The foundation raises most of its funds from events such as concerts, walk-a-thons and prayer breakfasts. It usually does about 11 different outreach activities in the island each year in one or two visits, but due to the excessive cost associated with setting up the health clinic in Madras, Hamilton Harris, the foundation's treasurer, said this year's slate was reduced to six.
It said the decision for the clinic was borne out of a visit to the community which made the team realise there was a great need for it.
"In that area people still have home births and still carry water from a well on donkey's back to their houses and persons in adjoining communities have to go a far way for medical attention, and if we can cut back on infections and save people's live that would be a great help", Kimberly said.
In the meantime, Kimberly said: "We are hoping to launch another clinic after we have seen how this one goes, and we are also hoping in the near future to do some more outreach around the world."
The foundation, which is headed by the girls' father Michael, was on Friday involved in one of its back-to-school outreach events in the Franklyn Town community, where it hosted a fun day for children at Franklyn Town Church of God. It also distributed school bags, shoes and stationery.
The foundation has so far hosted two back-to-school programmes in the community and has fallen in love with it, according to Michael.
"It is a nice community to work with and we all look forward to it as we are always well received; and when God was walking the earth he didn't go to visit the rich people," he said, noting that there are a lot of children who are in need in the community.
According to him, charity has always been in his blood as he too grew up in a home where giving was practised and he is not surprised that his daughters have started to follow in his footsteps.
"I teach them to give because sometimes they have to see how other kids live to see that the things that they murmur or fuss about is what other kids would wish for. They have choices and some kids don't even have the basic things, so as they grew up they realise that they have to give back and so, they started the foundation," Michael said.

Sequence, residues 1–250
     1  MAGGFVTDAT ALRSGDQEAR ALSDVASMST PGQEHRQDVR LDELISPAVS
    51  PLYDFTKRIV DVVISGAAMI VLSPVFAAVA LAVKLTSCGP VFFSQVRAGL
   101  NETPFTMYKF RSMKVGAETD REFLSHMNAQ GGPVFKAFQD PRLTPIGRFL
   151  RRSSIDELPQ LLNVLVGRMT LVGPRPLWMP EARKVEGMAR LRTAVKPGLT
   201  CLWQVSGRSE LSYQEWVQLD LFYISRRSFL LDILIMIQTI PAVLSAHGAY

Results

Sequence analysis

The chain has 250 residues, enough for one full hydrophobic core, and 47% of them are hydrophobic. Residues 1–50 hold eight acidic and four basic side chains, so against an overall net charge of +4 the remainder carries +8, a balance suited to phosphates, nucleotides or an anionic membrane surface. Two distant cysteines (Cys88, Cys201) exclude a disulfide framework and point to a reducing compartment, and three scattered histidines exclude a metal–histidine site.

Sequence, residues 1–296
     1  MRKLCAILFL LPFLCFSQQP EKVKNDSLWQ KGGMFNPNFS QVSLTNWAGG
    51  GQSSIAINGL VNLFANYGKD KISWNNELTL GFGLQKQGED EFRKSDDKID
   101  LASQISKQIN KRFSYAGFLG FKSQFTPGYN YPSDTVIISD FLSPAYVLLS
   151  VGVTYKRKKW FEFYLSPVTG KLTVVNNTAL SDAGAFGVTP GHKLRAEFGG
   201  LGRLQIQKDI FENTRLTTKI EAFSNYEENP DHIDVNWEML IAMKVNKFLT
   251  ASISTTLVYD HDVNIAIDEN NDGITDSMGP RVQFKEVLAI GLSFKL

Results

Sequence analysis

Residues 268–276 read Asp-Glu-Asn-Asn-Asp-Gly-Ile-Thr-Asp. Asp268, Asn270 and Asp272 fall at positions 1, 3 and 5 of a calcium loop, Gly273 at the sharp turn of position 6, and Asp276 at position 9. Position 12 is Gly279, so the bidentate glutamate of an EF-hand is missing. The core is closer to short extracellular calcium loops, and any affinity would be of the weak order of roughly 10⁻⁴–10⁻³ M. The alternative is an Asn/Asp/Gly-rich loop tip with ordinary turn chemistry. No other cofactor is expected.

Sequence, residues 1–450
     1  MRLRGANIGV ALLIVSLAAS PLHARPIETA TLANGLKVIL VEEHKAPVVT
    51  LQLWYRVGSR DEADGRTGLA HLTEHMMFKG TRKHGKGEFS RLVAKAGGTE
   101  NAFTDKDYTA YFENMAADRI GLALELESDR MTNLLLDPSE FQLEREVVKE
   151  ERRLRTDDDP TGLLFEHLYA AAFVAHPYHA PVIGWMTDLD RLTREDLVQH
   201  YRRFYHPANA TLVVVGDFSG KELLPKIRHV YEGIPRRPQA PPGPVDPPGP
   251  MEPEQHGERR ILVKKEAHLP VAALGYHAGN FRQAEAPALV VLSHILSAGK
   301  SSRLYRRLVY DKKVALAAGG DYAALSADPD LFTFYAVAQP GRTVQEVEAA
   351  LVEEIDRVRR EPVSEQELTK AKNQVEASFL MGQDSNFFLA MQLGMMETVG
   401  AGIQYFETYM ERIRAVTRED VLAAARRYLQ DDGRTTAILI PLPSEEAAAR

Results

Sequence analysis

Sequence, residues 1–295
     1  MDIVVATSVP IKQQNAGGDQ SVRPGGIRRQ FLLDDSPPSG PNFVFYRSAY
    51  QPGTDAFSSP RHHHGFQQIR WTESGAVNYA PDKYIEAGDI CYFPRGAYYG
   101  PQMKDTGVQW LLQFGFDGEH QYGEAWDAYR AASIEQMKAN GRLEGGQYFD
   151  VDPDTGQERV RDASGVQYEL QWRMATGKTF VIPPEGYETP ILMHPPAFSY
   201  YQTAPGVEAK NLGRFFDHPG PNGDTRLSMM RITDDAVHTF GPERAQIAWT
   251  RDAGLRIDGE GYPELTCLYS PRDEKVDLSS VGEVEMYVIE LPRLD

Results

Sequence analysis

"From I was born I have a compassionate heart, and I grew up seeing my parents giving back and so I took it up; and I made a pledge when I left Jamaica that I would continue to give back to my country. I would like to see my country strive," he added.
For his wife, Dasline, it is a joy to see how their daughters have embraced the spirit of giving without being pushed. It humbles her.
Judith Spencer, a friend of Kimberly who volunteered her time to travel with the family from New York to assist, said she found the work of her friend and sibling inspiring and believes that the foundation is doing a great job.
"I think this is a good thing, and I think there should be more people doing things like this not only in Jamaica, but going to other countries to spread the gospel and (distribute) things," Spencer said.
Before the team departs the island tomorrow, it plans to make a donation to some of the families who were evicted from premises on Duke Street, Kingston last week. It will be the last in a series of events which included health and back-to-school fairs at Clarksonville All-Age School in Cave Valley, St Ann, as well as services at Fletcher's Grove and Montpelier Baptist where both sisters ministered -- Nekhidia through dance and Kimberly through the spoken Word.
Earlier activities included a back-to-school fair at Newport Open Bible Church in Manchester and a fun day at Strathmore Gardens Children's Home in Spanish Town, St Catherine.